Friday, January 9, 2009

#32 "The Best American Short Stories" ed. by Salman Rushdie

I'm pretty sure I came across The Best American Short Stories (2oo8) when I was browsing in the bookstore one day. I rarely read short stories, so I figured this book might be a nice change of pace and expose me to some new writers and writing styles that I've been missing. The 2008 edition of this series is edited by Salman Rushdie and consists of twenty short stories by twenty different authors. There are also short notes from the authors at the end of the book, which were helpful in getting the authors' reasons and inspirations for their stories. I haven't read any of Rushdie's books, but I've certainly heard of him, so I figured I could trust him to pick out some short stories for me to read.

I think I've decided that I'm not super excited about the short story format. There's no question that all the stories I read were good and many were moving and thought provoking. And I plan on reading the 2009 version of Best American Short Stories. I also appreciate how difficult it must be for writers to create characters and stories that mean something with so few words. On the whole, though, I think I prefer the depth and length of the novel, mainly because once I get invested in characters, I don't like to lose them again so quickly.

So, in the interests of time and space, I think I'll just mention some of my favorites stories. These were not necessarily the best written of the bunch, just the ones with the most relatable characters and stories that really spoke to me.

Child's Play by Alice Munro - This was probably my favorite story in the entire book. Munro managed to create full, believable characters and describe a life-changing event and its effects throughout their lives in one short story.

The King of Sentences by Jonathan Lethem - Two aspiring writers seek out their favorite author. This story made me laugh out loud, and was the one I had the most fun reading.

Puppy by George Saunders - One of the more complex and intriguing stories. Explores how people view themselves and how others view you all within the framework of a relatively disturbing tale.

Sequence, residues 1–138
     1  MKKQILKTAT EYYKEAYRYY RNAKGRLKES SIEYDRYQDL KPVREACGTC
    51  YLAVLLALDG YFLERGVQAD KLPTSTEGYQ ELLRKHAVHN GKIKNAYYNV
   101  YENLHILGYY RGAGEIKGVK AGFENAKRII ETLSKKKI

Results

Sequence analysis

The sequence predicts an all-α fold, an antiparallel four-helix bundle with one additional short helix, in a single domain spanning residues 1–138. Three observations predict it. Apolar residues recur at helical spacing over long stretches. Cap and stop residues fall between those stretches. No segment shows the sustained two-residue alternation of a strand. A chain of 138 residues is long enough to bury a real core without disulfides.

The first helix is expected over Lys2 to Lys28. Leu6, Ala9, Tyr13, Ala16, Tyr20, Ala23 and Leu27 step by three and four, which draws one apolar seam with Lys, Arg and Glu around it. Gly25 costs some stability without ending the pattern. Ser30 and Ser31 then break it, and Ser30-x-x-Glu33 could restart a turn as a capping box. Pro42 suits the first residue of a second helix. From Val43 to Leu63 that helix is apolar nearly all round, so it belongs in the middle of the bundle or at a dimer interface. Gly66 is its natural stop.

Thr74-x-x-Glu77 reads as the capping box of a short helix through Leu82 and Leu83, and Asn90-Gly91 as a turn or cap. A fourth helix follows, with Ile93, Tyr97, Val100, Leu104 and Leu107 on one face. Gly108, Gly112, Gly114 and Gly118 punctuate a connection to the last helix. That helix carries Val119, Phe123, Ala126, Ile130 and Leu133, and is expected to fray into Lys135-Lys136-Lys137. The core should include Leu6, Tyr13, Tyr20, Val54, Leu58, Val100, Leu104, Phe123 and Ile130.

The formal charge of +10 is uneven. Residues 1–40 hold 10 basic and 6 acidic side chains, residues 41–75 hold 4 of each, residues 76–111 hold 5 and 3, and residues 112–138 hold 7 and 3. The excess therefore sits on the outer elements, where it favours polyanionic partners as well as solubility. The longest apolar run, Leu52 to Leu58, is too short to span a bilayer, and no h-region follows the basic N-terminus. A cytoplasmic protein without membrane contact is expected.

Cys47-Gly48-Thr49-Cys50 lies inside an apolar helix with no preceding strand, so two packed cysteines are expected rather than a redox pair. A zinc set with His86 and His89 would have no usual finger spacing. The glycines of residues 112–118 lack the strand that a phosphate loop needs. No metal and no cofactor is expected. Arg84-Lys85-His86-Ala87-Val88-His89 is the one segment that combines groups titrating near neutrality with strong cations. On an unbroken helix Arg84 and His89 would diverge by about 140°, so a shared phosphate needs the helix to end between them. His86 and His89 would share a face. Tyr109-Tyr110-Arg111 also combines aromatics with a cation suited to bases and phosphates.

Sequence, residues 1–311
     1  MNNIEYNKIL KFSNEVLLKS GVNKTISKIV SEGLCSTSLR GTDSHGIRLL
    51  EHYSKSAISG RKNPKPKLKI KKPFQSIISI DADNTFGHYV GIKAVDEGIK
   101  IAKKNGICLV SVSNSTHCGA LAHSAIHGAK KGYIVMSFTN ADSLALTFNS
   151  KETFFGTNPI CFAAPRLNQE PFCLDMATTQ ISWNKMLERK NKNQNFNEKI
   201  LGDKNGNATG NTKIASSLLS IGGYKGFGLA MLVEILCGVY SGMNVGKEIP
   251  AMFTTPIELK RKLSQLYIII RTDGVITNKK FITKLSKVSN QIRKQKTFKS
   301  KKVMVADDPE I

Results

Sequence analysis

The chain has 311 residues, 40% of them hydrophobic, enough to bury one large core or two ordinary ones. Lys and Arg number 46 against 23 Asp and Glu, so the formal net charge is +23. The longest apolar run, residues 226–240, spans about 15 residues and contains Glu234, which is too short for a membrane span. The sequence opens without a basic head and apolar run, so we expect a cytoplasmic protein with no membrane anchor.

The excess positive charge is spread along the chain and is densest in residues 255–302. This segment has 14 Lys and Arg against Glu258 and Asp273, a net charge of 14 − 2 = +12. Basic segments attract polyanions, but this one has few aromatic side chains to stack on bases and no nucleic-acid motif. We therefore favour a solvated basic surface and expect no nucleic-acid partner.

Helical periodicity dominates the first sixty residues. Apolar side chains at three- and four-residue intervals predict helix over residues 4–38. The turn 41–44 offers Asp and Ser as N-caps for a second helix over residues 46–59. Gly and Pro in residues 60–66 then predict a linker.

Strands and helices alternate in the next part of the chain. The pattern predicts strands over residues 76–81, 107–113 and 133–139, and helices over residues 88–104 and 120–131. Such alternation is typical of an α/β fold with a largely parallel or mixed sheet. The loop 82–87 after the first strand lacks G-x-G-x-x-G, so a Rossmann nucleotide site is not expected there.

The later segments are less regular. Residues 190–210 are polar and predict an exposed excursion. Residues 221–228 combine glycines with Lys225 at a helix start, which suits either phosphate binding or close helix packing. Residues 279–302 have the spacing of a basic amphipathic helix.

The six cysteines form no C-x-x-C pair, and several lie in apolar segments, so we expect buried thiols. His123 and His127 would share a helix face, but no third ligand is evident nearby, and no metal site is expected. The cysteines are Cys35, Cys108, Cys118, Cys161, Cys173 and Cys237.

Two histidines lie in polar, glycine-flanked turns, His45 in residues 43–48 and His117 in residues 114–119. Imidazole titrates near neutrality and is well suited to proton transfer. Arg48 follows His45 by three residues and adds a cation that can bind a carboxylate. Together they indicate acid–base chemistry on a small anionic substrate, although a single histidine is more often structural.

Quality of Life by Christine Sneed - This one I found disturbing simply because of some parallels between the protagonist's life and mine. It was weirdly too personal at the beginning and kind of made me think about what I want to do with my life.

Missionaries by Bradford Tice - An interesting story. What I agreed with most was Tice's statement in the notes that, "[o]ne of the cheerless realities of organized religion, in my secular opinion, is that often its spokespersons, the advocates of faith, end up seeming like used-car salesmen, while the truly devout go voiceless." His story reflects this belief.

Some other notable stories include Admiral by T.C. Boyle and Man and Wife by Katie Chase, which both still have me thinking. I also enjoyed the characters, especially the main character in Virgins by Danielle Evans. The main character was likeable, strong, and understandable, even when she might be making mistakes.


Marra Alane said...

I haven't read any of Rushdie's books, but I've certainly heard of him, so I figured I could trust him to pick out some short stories for me to read.

I felt that way about Stephen King when he edited this anthology a couple of years ago, and I was disappointed. I love short stories, but I like them better when their either all written by the same author, so even though the characters change the style stays the same, or all have a similar theme.

Also, my word verification is mulet. Which is the best word verification I've ever had.

Book Blogger said...

Marra, you know that's a really good idea. I should try some short stories by the same author, and I might find that more satisfying. The jumping around in this book was a little difficult.